1 = Analyze, do not defragment and do not optimize.
2 = Defragment only, do not optimize.
3 = Defragment and fast optimize [recommended].
5 = Force together.
6 = Move to end of disk.
7 = Optimize by sorting all files by name (folder + filename).
8 = Optimize by sorting all files by size (smallest first).
9 = Optimize by sorting all files by last access (newest first).
10 = Optimize by sorting all files by last change (oldest first).
11 = Optimize by sorting all files by creation time (oldest first).

https://www.kessels.com/JkDefrag/

https://www.kessels.com/JkDefrag/JkDefrag64-3.36.zip # 64-bit version

*******

That backspace key is going to haunt you. It's some application
you've installed, and could have been one of your automatic updates.
I would be surprised, if going backwards had good odds of fixing it.

I just don't know how to debug keyboard issues. Yes, there's a translation
table, but applications can install filter drivers too, devcon might
list such things, but I don't know if there are any additional failure
modes or holes in the scheme where they are messing about. Maybe it could
be caught with ProcMon, seeing some compute activity captured at the
instant the key is pressed. But generally, I don't have a warm feeling
on the topic. ProcMon is always a "needle in a haystack" - analysis
is a pain. And I can't help you from here, because I don't know
what application is doing it, and it's pretty hard to simulate.

(The new versions are Win7 and higher)

https://docs.microsoft.com/en-us/sys...nloads/procmon

I tried a fake test case here with that, and could not find
the trigger event. Already, an easy test, I can't catch it.

Paul
  #35  
Old May 3rd 21, 09:41 AM posted to microsoft.public.windowsxp.general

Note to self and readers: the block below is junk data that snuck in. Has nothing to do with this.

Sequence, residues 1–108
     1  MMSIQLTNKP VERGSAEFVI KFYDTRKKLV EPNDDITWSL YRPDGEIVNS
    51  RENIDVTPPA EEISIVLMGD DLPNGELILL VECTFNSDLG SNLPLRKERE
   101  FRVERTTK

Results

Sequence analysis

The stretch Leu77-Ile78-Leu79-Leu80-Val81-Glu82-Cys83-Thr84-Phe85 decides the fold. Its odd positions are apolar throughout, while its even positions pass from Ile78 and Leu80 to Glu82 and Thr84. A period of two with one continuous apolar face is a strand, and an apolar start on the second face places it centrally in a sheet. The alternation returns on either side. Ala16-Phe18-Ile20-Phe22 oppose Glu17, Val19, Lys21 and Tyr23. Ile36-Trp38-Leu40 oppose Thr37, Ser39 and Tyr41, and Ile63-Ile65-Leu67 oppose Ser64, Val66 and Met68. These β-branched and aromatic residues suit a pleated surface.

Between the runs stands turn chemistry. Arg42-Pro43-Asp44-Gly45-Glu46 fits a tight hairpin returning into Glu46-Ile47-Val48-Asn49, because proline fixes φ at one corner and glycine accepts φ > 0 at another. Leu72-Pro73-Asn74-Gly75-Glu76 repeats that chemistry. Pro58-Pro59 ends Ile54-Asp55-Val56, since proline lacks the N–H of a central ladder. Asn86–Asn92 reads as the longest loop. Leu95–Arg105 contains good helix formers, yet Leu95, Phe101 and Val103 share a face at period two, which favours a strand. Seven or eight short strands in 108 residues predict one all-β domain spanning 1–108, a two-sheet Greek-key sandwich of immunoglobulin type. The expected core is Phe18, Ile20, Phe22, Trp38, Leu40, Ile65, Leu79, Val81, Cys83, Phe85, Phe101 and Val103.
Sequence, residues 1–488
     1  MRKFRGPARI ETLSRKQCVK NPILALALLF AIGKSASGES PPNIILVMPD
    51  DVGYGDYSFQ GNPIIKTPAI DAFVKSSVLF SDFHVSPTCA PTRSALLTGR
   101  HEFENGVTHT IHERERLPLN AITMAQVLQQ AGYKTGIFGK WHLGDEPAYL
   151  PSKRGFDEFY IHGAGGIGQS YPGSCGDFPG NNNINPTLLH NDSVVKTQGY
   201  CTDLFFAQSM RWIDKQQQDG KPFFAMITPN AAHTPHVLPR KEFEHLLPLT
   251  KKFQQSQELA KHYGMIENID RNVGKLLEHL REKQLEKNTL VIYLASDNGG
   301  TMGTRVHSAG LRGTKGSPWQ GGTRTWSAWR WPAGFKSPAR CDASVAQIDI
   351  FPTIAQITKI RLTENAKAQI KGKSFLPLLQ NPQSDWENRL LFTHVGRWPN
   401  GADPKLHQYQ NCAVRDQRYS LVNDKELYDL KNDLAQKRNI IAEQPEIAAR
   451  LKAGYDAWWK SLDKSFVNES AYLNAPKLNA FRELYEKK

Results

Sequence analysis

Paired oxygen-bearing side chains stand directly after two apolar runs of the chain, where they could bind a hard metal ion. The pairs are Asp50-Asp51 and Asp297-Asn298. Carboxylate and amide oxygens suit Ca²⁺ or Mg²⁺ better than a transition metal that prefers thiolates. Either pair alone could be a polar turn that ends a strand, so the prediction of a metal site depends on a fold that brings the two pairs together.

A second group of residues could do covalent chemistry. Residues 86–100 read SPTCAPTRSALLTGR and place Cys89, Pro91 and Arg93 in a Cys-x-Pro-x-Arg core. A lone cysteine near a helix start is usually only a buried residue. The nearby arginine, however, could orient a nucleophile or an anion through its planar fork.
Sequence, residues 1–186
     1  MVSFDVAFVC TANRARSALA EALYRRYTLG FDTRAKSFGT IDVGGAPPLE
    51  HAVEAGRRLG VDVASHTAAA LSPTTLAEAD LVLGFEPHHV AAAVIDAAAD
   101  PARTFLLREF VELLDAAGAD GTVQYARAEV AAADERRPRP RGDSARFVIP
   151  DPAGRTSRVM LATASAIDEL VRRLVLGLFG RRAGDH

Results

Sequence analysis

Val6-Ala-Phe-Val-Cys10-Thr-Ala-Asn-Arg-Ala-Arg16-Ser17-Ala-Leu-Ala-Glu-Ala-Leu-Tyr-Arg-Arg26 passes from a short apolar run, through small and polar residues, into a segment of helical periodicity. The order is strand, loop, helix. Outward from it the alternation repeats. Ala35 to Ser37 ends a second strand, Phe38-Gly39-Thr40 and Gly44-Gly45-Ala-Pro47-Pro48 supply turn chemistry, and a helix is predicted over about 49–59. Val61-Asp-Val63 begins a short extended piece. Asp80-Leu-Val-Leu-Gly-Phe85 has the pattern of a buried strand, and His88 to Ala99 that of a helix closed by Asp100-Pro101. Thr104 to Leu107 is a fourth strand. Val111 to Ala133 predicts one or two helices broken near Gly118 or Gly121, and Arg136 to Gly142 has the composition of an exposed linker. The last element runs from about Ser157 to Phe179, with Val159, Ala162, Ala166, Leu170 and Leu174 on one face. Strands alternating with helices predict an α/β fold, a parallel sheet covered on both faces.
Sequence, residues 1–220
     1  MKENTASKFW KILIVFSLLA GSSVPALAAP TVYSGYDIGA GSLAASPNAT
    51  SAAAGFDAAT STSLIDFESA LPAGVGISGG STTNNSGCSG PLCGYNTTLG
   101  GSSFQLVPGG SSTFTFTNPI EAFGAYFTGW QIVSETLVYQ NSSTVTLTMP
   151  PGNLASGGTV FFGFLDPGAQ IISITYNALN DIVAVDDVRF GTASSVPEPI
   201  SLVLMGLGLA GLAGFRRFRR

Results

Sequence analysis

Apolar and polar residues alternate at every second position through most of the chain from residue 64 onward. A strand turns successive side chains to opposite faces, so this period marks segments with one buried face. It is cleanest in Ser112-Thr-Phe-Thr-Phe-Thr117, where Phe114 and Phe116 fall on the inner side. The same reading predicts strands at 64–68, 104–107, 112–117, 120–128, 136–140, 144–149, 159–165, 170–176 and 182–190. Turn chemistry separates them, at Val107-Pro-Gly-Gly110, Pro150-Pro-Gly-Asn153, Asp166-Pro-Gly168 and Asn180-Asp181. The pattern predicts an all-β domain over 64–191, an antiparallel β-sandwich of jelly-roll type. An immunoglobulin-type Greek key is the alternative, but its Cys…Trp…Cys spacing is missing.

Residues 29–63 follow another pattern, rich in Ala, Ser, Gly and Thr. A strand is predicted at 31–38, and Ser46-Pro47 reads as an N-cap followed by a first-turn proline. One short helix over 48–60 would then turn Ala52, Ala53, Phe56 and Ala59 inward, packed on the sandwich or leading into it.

Robert in CA
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Posts: 785
Default O.T. Missing Folder/files


+++++ Two disks were present when the menu was rebuilt,
and now the menu choices are both being shown.
Rebuilding the menu with one disk only present, will fix it.
Macrium boot CD has a "boot repair" menu item, which can be
used to restore normal boot behavior with one disk.


I tried running the boot repair off the rescue cd (ver 7.2) to correct the
WBN screen logon on the 780 but I'm not sure which items to un-tick

https://postimg.cc/p5M2g2BZ

https://postimg.cc/GTPcRZ71

https://postimg.cc/t11pJ1Sk

https://postimg.cc/fSvhpYyz

Robert
  #36  
Old May 3rd 21, 10:10 AM posted to microsoft.public.windowsxp.general
Paul[_32_]
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Posts: 11,873
Default O.T. Missing Folder/files

Robert in CA wrote:
+++++ Two disks were present when the menu was rebuilt,
and now the menu choices are both being shown.
Rebuilding the menu with one disk only present, will fix it.
Macrium boot CD has a "boot repair" menu item, which can be
used to restore normal boot behavior with one disk.


I tried running the boot repair off the rescue cd (ver 7.2) to correct the
WBN screen logon on the 780 but I'm not sure which items to un-tick

https://postimg.cc/p5M2g2BZ

https://postimg.cc/GTPcRZ71

https://postimg.cc/t11pJ1Sk

https://postimg.cc/fSvhpYyz

Robert


If you look in Disk Management, System Reserved is marked "Active"
and "System". It is the Active (Boot Flag = 0x80) partition
that the boot process starts on.

You can see the Macrium menu identified a partition, and it
did that by looking for the Boot Flag. Sometimes the Boot Flag
is not in the right place and needs correction, but this does
not happen too often. If two disk drives were present, there
could be confusion about which one.

You will be asked to identify the Active partition, because
that's where the BCD file for the boot menu goes.

You will be asked to identify all the C: partitions, so they
can be added to the boot menu as boot-time-options.

The four tick boxes a

Reset the Boot Disk ID

This is a four byte field in the MBR, near to the four entry
partition table. The disk may be named ABCD1234 for example.
When cloning a disk, initially two disks have the same
ABCD1234. This is bad. If left this way, the first disk is
"Online", the second disk goes "Offline". Not very useful for
daily work. If ticking this box, a new DiskID is assigned to the
drive needing boot work.